Essays on Public Finance : Retirement Behavior and Disaster Relief

by Eisensee, Thomas

Abstract (Summary)
The dissertation consists of three self-contained essays on Public Finance.“News Droughts, News Floods and U.S. Disaster Relief” studies the mass media's influence on the U.S. government response to about 5,000 natural disasters in developing countries in 1968-2002. These disasters took around 63,000 lives and affected 125 million people per year. Given the huge losses involved, it is essential that disaster relief is provided to those most in need. We show that U.S. disaster relief depends on the occurrence of other newsworthy events at the time of the disaster, such as the Olympic Games or the O.J. Simpson Trial, which are obviously unrelated to need. We argue that the only plausible explanation for this is that relief decisions are driven by news coverage of disasters, and that this news coverage is crowded out by other newsworthy events.“Fiscal Policy and Retirement in the Twentieth Century” proposes a model that explains the trend in labor supply among older workers through changes in fiscal policy, including social security. The essay re-introduces social security as a major determinant of retirement behavior, while simultaneously offering an explanation to the two main puzzles in the literature: (i) the small contemporary retirement elasticities and (ii) the drop in the retirement age prior to the introduction of social security.“Sustainable Fiscal Policy and the Retirement Decision” concerns the sustainability of fiscal policy in aging economies and the retirement decision. The essay develops an applied general equilibrium model, where the retirement age is endogenous and current fiscal policy is a response to future demographic developments. Three policies are analyzed: (1) raising taxes (2) reducing the replacement rate and (3) raising the Full Retirement Age. All policies are found to have a substantial impact on retirement. Sustaining fiscal policy will result in falling interest rates, inducing a general delay in retirement. This general equilibrium effect on retirement can be substantially larger than the direct effect of changing social security incentives.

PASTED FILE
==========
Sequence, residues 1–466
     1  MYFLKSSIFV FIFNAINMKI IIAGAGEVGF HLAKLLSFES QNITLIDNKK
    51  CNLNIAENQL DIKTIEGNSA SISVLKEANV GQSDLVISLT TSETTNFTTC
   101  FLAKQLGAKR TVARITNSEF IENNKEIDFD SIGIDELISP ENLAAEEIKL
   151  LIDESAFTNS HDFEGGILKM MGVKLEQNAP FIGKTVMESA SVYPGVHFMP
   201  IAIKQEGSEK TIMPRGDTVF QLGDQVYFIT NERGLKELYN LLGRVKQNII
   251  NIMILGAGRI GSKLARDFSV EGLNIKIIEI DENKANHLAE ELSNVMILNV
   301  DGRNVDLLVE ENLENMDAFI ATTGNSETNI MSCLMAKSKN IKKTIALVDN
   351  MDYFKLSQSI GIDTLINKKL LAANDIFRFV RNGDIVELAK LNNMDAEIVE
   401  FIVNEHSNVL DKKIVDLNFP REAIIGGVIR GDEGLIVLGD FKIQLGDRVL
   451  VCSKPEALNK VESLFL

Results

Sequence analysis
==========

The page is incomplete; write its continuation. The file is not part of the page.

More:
Bibliographical Information:


School:Stockholms universitet

School Location:Sweden

Source Type:Doctoral Dissertation

Keywords:SOCIAL SCIENCES; Business and economics; Economics; Computable General Equilibrium; Retirement; Fiscal Policy; Political Economy; Foreign Aid; Mass Media


Date of Publication:01/01/2006

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